Norway


In the days before ubiquitous and inexpensive LCD and LED displays, clocks showed the by mechanical means. There were, of course, the analog clocks that everyone knows well. But, a much more interesting style was the split-flap clock, which showed the on digits printed on . They were mechanically complex, but had a unique aesthetic that is still really appealing. Gabbapeople has a lovely tutorial that you can follow to build an in the same style.

In case you’re not familiar with split-flap clocks, the best concept is simple: each digit is represented by a card on a wheel. When the time changes, the wheel turns and flips to the next card. Mechanically, however, it’s very complex, which is what makes this build so special. Gabbapeople’s tutorial shows you how to actually construct the mechanism, instead of simply repurposing an existing split-flap clock.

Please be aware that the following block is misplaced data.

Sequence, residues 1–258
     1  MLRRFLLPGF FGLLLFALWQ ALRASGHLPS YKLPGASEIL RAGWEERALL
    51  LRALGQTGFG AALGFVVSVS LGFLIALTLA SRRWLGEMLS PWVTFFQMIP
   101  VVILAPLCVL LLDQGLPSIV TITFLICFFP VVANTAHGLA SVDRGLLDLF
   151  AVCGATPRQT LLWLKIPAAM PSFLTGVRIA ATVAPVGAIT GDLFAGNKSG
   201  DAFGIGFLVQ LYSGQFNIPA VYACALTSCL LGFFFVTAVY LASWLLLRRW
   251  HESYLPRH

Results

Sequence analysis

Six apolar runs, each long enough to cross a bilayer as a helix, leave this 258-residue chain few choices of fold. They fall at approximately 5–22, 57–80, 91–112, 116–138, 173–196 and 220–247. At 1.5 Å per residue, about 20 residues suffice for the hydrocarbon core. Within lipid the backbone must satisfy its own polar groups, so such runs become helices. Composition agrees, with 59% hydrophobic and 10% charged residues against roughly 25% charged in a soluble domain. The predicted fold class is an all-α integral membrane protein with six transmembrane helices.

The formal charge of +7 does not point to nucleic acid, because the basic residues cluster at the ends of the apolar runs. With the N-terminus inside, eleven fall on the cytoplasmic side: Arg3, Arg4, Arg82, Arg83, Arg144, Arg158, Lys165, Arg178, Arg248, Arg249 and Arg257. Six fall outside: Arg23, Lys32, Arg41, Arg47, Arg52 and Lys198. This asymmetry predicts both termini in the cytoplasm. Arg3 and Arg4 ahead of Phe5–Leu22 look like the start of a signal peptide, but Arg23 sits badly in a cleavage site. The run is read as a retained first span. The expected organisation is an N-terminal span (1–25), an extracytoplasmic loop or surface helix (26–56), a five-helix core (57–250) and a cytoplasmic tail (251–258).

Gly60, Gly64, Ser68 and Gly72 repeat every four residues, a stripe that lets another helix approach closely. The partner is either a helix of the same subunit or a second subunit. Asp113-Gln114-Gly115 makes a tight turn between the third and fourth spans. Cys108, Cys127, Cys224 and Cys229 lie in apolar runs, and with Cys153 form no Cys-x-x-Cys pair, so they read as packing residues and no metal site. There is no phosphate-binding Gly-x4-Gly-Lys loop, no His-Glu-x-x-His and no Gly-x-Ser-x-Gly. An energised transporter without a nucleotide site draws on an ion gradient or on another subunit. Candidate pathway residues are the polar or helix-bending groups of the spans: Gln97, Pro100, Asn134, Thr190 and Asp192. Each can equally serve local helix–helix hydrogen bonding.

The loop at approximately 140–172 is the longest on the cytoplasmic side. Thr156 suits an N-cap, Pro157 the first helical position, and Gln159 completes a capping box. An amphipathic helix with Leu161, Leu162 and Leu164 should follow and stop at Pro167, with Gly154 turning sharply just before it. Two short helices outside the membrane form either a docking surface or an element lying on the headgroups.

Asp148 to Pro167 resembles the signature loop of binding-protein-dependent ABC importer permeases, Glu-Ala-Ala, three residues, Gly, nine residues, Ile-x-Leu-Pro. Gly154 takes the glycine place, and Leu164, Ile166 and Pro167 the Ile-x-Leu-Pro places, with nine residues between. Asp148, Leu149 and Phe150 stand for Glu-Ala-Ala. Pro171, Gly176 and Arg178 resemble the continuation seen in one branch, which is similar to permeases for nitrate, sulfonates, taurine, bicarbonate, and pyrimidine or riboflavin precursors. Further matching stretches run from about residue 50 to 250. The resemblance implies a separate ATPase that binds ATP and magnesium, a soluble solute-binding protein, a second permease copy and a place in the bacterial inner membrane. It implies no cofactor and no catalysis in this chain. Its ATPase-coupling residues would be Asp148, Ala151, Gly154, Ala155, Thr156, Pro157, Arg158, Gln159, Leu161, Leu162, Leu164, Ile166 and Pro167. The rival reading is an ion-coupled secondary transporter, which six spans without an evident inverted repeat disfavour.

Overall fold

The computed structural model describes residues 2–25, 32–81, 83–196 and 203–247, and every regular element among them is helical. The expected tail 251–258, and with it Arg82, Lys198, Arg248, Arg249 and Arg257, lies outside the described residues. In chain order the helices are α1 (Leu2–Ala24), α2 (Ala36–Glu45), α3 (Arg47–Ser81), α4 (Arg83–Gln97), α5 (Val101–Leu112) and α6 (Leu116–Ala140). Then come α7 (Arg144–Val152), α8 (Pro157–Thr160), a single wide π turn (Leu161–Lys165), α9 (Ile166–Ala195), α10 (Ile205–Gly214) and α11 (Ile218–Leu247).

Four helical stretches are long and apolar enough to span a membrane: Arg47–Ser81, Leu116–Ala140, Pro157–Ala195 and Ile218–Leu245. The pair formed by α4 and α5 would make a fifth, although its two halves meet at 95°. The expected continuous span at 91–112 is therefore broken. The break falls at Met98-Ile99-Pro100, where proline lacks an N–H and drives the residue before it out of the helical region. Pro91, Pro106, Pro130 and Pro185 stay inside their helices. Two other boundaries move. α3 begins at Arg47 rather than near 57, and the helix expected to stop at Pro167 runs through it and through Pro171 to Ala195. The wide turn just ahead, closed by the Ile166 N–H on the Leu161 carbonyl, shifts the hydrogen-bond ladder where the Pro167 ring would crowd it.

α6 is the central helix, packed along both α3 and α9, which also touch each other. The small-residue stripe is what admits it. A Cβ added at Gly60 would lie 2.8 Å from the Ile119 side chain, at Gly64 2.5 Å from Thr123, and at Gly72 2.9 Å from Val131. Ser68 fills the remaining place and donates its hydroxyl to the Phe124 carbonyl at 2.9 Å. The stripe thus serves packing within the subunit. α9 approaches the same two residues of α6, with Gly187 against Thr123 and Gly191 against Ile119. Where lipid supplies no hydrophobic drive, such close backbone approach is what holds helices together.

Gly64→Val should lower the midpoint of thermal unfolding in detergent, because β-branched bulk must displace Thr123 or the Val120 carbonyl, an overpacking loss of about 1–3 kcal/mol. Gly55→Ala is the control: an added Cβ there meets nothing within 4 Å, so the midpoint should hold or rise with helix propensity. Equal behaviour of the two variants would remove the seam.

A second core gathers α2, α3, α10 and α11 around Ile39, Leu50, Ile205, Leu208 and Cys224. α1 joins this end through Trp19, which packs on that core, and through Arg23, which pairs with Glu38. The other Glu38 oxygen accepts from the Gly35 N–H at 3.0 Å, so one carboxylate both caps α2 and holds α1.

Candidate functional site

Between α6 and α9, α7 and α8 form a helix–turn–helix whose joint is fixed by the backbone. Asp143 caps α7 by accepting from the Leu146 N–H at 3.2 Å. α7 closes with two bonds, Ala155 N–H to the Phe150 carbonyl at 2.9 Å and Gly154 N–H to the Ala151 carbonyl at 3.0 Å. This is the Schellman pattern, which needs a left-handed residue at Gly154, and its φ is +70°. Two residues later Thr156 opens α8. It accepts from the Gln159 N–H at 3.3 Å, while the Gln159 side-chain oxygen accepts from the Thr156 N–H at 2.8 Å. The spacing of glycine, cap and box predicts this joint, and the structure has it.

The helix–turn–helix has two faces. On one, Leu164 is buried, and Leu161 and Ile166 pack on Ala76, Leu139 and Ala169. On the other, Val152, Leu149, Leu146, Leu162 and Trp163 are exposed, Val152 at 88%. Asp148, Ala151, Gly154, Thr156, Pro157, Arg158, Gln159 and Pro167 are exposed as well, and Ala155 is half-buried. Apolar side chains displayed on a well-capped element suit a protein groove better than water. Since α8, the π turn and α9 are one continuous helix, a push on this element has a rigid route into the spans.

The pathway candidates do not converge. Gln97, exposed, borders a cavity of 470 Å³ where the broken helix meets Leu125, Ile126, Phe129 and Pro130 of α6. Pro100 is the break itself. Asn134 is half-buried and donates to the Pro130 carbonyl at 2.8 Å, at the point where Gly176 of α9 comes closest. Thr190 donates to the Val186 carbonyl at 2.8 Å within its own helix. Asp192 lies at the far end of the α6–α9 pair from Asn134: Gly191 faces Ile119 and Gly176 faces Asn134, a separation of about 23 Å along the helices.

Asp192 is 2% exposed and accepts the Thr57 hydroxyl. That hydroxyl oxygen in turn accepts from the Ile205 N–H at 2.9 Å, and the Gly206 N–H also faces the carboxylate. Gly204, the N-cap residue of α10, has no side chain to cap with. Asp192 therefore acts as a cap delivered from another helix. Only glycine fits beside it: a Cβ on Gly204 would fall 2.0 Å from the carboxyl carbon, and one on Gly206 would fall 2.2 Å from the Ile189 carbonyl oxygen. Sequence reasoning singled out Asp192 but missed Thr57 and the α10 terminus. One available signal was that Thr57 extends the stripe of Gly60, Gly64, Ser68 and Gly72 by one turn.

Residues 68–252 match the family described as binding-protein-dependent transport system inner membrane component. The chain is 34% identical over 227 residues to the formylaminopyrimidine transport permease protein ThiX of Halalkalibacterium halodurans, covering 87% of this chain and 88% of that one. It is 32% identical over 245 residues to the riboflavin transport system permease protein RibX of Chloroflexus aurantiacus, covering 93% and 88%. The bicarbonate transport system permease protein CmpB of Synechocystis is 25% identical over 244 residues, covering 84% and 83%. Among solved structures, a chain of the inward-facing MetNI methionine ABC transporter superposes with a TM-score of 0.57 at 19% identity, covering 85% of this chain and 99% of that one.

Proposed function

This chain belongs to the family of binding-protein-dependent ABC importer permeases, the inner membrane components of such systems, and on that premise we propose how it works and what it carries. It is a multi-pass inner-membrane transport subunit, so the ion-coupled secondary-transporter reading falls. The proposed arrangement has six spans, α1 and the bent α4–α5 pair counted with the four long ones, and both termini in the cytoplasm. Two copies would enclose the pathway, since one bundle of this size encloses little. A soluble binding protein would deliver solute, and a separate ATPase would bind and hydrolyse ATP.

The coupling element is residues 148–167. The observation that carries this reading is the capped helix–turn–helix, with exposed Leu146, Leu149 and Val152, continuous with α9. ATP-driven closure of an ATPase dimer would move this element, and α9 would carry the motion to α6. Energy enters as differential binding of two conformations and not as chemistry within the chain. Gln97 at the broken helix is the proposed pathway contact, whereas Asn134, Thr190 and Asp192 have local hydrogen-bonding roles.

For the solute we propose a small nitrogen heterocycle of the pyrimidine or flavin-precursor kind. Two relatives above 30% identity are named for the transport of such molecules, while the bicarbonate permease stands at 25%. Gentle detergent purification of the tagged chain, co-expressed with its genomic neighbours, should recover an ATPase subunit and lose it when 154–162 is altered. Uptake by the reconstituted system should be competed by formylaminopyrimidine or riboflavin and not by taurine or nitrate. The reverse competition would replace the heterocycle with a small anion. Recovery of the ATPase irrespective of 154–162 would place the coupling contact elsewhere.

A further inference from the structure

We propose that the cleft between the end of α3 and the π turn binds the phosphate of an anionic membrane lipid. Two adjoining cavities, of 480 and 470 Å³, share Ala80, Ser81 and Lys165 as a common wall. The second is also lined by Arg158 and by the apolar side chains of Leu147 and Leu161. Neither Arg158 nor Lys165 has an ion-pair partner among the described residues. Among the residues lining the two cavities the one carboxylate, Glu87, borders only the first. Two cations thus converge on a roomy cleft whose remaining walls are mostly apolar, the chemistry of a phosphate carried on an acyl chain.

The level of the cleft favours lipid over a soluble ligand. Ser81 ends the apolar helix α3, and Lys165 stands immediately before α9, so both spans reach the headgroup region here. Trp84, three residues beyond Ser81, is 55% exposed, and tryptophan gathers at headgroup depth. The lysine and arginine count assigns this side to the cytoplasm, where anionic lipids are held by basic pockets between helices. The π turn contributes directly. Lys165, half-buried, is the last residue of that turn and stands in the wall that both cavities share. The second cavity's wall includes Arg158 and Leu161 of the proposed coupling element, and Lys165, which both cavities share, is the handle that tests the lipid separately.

In total, there are 144 individual flaps. They, along with the frame and gears to turn them, are designed to be laser , but you may be able to fabricate them by other means. Each card has a printed label, which depict numerical digits and letters. The logic is programmed in the XOD visual programming environment, and runs on an Arduino Mega 2560 and ESP8266 module. The code checks the local weather, and then uses stepper motors to rotate the flaps in order to display the weather in an abbreviated way, like “SUN” for sunny, along with the temperature.



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